At the start of this Sunday’s Bahrain Grand Prix, Haas driver Romain Grosjean sustained a frankly horrific crash that saw his car both split in half and burst into flames. While the driver sustained minor burns and the marshals in the area seemed to escape without injury, the images are honestly pretty terrifying.
When the green flag flew, things started off just like normal: Lewis Hamilton leaped into the lead while his teammate Valtteri Bottas was swallowed up in the fray, losing several positions.
It was at the rear of the grid that things got messy. There was some squeezing and fighting, with several drivers swerving into the runoff. At the very tail of the line, Haas’ Romain Grosjean seemed to cut sharply to the right in front of Alpha Tauri driver Daniil Kvyat. Kvyat tagged Grosjean. Grosjean collided with the Armco barrier at speed.
It seems that Grosjean’s tire was speared by debris or that he was trying to avoid slower cars in front of him., but Kvyat was there in the way.
That particular section of the Armco barrier was one where it very quickly returned to hugging the side of the track after hemming the runoff area. It’s a fairly sharp angle, as it also allows for vehicles to tuck behind the barrier.
When Grosjean collided with the Armco, all fans could see was a huge burst of flames, something that hasn’t happened in F1 in years. The cars are structurally very strong and have been designed to prevent fuel tank punctures—which meant that, for a while, all viewers knew was the fact that this was a very bad accident.
Thankfully, the FIA mandates a safety car follow the cars on the first lap, so someone was on the scene immediately. One of the drivers in the car had a fire extinguisher and managed to put out the flames on Grosjean’s body as he escaped the car and leaped over the barrier.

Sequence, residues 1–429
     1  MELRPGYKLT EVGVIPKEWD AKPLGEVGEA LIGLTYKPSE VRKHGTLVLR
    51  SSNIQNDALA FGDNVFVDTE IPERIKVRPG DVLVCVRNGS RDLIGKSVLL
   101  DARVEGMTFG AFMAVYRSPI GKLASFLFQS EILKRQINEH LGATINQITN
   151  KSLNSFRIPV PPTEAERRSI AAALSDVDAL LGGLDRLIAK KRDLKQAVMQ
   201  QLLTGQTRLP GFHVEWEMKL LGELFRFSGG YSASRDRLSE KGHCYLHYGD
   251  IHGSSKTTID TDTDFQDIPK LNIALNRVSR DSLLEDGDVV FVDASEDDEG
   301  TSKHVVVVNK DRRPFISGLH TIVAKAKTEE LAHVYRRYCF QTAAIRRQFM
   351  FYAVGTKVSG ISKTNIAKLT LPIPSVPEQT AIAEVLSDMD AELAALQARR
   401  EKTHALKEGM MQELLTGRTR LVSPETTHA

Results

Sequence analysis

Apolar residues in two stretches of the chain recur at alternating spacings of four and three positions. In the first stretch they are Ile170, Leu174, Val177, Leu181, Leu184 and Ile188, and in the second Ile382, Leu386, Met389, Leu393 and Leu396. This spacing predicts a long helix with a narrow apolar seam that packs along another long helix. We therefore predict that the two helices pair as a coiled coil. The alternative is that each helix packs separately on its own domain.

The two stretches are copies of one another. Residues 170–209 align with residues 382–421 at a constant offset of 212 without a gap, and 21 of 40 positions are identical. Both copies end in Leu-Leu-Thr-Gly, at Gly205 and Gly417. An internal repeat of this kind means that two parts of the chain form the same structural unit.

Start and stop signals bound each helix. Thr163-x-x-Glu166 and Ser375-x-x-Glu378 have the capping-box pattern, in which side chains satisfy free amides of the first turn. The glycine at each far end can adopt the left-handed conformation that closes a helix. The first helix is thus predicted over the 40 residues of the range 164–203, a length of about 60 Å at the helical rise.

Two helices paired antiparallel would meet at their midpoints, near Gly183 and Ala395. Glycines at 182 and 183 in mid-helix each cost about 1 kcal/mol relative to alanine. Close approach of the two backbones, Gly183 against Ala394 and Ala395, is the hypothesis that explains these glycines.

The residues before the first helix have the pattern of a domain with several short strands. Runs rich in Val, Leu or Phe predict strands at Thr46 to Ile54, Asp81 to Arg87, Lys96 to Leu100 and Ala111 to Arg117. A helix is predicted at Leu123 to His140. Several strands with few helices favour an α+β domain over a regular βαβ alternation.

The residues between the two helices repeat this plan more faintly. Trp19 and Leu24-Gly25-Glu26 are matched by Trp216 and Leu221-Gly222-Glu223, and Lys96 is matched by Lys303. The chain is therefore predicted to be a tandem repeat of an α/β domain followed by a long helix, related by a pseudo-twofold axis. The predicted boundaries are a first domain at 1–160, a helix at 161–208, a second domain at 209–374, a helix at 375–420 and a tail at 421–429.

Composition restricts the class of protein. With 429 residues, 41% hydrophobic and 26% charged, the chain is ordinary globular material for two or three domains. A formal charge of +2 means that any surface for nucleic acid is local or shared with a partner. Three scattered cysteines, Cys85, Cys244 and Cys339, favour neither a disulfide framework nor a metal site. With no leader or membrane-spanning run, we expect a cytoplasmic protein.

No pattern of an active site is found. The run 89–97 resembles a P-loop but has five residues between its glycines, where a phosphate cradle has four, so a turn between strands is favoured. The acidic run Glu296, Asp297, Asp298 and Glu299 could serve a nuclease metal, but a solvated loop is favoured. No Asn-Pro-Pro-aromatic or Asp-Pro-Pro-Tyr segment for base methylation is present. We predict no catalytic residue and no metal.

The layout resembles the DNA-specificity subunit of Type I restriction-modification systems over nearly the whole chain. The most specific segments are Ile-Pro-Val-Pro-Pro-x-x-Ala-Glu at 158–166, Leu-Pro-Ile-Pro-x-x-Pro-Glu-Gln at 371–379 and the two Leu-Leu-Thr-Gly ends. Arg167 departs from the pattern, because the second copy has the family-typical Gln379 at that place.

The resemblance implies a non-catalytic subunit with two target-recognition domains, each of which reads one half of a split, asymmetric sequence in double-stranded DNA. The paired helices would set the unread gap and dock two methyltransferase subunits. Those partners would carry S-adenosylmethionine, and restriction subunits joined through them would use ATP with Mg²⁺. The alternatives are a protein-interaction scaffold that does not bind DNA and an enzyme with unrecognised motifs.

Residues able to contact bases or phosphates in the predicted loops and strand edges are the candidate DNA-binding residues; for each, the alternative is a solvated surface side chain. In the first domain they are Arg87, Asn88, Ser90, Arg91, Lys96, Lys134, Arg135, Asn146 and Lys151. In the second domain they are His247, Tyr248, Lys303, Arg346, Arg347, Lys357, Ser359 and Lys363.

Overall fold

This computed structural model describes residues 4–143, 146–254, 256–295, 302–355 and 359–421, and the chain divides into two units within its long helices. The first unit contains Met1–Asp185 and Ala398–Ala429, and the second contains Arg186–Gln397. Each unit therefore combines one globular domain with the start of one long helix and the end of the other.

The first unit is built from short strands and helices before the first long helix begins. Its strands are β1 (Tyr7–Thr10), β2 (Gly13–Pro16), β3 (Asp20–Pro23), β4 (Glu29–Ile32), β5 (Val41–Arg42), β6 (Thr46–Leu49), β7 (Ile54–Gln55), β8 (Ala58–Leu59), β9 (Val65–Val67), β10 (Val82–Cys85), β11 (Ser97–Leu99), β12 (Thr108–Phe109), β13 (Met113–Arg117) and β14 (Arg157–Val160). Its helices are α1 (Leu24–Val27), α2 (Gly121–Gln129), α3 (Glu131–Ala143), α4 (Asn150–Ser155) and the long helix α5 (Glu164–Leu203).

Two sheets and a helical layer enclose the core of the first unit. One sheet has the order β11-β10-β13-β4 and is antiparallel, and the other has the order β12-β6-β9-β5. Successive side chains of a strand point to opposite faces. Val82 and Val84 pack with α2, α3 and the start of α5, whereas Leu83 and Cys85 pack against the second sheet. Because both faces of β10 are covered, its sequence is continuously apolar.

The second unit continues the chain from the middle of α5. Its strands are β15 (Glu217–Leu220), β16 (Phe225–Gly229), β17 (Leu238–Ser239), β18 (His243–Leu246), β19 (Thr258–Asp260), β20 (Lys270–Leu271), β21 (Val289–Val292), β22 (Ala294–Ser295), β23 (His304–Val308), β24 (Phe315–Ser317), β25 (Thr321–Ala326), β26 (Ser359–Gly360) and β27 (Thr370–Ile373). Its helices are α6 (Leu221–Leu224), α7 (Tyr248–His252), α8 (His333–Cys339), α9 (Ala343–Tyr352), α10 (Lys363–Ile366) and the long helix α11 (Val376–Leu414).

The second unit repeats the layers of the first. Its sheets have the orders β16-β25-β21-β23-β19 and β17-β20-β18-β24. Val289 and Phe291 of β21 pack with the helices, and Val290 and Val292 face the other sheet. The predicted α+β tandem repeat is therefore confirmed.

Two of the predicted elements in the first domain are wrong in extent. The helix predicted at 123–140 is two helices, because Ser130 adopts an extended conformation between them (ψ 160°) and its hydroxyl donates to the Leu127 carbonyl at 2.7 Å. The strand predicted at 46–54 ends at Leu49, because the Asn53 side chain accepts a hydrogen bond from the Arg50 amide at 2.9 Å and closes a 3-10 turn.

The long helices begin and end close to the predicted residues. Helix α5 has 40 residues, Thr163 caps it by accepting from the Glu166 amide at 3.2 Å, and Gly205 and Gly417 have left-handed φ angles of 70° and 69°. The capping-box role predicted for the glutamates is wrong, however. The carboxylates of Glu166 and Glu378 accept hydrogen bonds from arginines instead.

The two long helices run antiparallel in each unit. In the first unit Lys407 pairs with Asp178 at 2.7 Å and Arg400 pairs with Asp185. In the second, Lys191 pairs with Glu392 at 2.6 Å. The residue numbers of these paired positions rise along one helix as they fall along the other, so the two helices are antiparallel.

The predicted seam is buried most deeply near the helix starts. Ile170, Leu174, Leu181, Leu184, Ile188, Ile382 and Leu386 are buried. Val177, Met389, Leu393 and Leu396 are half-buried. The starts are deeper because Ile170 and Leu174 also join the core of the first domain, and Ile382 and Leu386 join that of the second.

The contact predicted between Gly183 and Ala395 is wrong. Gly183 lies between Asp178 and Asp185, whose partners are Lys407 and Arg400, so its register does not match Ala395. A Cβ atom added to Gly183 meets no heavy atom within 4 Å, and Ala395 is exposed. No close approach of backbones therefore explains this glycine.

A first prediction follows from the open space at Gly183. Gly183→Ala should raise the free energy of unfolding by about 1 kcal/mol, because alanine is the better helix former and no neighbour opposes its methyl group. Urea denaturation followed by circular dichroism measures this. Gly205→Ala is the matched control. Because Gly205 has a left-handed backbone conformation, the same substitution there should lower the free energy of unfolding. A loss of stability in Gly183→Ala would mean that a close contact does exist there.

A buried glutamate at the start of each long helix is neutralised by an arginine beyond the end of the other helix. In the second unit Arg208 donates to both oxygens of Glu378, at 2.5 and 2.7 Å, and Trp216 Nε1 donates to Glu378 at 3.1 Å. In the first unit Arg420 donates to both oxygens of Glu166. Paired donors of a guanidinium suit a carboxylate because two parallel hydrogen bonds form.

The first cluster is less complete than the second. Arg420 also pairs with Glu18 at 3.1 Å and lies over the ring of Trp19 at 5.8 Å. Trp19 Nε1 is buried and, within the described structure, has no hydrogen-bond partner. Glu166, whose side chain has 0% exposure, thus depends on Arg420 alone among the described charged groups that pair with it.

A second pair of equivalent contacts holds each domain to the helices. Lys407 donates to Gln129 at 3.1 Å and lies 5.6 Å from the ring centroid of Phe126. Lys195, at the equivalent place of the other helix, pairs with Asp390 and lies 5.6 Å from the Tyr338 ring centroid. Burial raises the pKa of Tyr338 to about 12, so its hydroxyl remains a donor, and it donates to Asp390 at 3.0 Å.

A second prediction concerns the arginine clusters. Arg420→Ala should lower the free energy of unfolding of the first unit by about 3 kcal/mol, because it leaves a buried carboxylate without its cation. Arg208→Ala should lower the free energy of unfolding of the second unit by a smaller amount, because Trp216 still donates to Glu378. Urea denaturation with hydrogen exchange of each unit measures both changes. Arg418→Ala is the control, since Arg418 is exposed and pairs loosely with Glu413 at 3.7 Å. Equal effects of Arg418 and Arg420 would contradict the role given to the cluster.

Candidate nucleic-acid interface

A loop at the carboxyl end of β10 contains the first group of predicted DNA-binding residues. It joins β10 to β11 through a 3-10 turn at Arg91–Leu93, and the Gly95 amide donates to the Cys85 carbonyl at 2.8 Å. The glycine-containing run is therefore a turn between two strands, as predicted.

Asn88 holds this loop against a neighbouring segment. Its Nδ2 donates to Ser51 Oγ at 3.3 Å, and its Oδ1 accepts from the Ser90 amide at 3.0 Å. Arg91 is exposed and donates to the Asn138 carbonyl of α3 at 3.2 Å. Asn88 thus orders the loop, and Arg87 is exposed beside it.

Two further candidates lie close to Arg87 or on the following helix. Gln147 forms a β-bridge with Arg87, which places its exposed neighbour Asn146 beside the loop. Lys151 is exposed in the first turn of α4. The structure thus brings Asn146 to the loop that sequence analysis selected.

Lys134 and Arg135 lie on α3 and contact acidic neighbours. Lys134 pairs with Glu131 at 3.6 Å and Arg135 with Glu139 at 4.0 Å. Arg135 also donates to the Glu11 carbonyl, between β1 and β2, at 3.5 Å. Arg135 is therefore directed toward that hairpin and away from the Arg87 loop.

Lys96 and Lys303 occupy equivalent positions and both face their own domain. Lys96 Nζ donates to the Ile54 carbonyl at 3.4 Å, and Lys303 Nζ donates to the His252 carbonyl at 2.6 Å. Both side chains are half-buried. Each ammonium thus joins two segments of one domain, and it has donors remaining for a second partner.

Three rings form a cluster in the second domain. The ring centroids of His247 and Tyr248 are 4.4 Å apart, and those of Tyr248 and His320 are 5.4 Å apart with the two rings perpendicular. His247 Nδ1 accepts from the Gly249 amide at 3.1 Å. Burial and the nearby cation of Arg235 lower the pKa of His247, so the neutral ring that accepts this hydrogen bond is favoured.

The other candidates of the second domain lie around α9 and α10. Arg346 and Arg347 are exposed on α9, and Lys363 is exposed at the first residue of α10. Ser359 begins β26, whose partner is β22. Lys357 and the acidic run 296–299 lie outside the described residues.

Shaken but walking on his own two feet, Grosjean was taken to the medical center via ambulance.
The images we could see after the fire was put out are, frankly, horrifying. Grosjean’s car was sliced in half, with the front of his vehicle piercing through the Armco barrier. The rear part was almost perfectly severed. Both front wheel assemblies launched into the air in different directions—one into the inside of the track, the other across the track and into the opposite runoff.
The halo appears to be scraping against the top of the Armco barrier, with his seat wedged underneath. That halo may honestly have prevented Grosjean losing his head like Helmuth Koenigg did at Watkins Glen International in 1974.
There’s a reckoning to be had with the chassis maker and with the Haas team itself. While this is certainly a strange accident, it’s also worth understanding what happened and how to prevent it in the future.
Team principal Guenther Steiner confirmed that Grosjean sustained light burns to his wrists and ankles. Later, it was announced that Grosjean was being taken to the hospital with suspected broken ribs.
At the moment, the race is projected to restart, but there is no indication as to when that will be. Extensive repairs will need to be made to the barriers before that happens.